Country Districts. Town Districts.
Population to the square mile 199 5,100
Annual deaths in 1,000,000 19,300 27,073
Annual excesses in Town Districts 7,773
Rate of mortality 1 in 52 1 in 37
He also supplies further particulars as to the rate of mortality generally:—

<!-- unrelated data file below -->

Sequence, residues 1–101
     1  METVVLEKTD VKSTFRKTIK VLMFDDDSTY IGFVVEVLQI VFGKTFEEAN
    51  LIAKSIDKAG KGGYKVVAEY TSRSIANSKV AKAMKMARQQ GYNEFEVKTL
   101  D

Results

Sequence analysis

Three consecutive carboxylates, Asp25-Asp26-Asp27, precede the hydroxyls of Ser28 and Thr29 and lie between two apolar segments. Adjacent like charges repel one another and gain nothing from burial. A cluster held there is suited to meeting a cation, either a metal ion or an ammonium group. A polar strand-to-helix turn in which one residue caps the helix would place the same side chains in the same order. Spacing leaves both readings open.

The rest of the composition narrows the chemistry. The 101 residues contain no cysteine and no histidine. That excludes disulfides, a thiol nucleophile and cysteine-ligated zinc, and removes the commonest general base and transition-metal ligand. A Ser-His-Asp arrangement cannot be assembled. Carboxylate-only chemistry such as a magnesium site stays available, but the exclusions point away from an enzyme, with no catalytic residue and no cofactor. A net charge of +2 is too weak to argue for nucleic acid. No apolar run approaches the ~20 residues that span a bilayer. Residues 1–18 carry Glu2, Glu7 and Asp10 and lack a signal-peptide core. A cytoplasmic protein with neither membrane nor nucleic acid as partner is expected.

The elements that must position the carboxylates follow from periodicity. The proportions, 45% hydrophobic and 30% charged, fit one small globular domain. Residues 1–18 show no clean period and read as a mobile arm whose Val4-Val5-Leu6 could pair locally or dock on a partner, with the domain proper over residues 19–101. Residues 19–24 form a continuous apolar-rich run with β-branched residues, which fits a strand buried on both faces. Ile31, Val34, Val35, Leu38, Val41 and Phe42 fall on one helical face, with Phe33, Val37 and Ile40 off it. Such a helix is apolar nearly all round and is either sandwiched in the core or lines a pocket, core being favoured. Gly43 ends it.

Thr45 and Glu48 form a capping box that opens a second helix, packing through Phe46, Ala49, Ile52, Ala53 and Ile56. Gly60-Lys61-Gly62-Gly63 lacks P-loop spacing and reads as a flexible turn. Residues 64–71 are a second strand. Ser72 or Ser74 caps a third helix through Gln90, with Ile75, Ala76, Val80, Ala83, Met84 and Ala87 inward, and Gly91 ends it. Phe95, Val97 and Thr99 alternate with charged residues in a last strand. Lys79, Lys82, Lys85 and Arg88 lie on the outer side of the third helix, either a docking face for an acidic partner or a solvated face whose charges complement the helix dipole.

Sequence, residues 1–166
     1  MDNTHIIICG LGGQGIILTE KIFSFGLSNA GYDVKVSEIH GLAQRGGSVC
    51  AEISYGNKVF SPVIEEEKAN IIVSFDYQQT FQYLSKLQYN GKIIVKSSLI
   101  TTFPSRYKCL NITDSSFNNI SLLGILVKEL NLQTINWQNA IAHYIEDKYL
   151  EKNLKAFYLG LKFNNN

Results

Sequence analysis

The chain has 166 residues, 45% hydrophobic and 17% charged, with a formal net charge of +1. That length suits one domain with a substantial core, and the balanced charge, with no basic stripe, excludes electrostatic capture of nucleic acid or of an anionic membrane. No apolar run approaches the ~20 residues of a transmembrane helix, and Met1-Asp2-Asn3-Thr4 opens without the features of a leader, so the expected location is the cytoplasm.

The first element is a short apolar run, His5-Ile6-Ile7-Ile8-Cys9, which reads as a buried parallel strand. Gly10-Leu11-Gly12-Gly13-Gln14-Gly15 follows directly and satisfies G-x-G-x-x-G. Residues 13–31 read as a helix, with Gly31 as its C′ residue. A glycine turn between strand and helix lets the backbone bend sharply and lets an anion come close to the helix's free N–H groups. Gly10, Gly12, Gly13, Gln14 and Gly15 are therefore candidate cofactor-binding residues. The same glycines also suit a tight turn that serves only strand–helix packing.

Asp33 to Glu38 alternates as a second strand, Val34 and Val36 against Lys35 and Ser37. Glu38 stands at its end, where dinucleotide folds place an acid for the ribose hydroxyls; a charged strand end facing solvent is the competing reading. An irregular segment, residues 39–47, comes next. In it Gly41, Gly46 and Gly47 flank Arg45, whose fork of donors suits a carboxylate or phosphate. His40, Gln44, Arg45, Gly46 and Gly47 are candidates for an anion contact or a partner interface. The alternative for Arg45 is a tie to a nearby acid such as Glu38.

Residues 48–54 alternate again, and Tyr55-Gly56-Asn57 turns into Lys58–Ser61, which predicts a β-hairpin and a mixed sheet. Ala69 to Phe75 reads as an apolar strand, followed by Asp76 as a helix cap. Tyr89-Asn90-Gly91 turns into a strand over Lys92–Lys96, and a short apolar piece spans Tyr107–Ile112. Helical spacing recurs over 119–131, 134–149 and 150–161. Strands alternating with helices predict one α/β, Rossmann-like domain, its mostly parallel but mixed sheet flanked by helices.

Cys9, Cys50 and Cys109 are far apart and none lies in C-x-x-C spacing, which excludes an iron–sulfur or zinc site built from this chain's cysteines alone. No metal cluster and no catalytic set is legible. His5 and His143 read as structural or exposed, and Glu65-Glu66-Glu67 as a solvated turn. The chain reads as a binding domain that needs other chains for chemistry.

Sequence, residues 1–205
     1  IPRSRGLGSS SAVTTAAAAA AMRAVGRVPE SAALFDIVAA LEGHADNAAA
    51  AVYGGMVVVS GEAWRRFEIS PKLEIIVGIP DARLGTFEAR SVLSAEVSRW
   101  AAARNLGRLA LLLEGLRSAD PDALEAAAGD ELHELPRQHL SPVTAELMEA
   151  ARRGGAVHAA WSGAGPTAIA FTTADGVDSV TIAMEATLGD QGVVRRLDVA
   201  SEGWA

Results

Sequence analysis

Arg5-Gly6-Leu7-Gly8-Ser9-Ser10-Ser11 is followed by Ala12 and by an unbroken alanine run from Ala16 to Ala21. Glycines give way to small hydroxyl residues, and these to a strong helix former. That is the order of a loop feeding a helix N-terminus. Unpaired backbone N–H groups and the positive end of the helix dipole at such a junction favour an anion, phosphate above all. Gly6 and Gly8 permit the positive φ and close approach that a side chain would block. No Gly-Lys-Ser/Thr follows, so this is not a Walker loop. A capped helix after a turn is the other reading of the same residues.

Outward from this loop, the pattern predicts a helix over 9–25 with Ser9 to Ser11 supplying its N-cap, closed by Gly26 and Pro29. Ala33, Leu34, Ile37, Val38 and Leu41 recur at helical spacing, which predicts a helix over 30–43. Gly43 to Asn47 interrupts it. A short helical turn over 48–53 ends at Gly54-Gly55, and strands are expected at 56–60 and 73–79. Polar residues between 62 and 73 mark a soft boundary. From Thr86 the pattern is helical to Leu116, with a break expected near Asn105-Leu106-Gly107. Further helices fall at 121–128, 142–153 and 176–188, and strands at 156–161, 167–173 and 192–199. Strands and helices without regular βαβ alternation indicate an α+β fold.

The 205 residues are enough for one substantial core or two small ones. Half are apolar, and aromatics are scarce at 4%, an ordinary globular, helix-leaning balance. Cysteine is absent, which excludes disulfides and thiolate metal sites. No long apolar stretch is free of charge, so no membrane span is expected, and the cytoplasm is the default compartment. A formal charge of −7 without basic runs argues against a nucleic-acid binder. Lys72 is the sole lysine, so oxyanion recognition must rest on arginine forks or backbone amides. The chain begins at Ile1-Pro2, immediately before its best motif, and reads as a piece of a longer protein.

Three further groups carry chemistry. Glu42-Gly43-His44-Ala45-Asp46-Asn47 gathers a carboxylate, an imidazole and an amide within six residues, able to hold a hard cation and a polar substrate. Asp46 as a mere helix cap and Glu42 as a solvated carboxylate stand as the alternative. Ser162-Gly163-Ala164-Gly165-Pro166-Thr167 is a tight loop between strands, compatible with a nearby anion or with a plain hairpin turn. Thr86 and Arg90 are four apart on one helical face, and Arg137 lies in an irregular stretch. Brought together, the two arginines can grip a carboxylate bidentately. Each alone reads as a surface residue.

England 1 in 15
Ise of Wight 1 in 58
Isle of Anglesea 1 in 62
London 1 in 39
Leeds and Birmingham 1 in 37
Sheffield 1 in 33
Bristol 1 in 32
Manchester Union 1 in 30
Liverpool (Parish) 1 in 29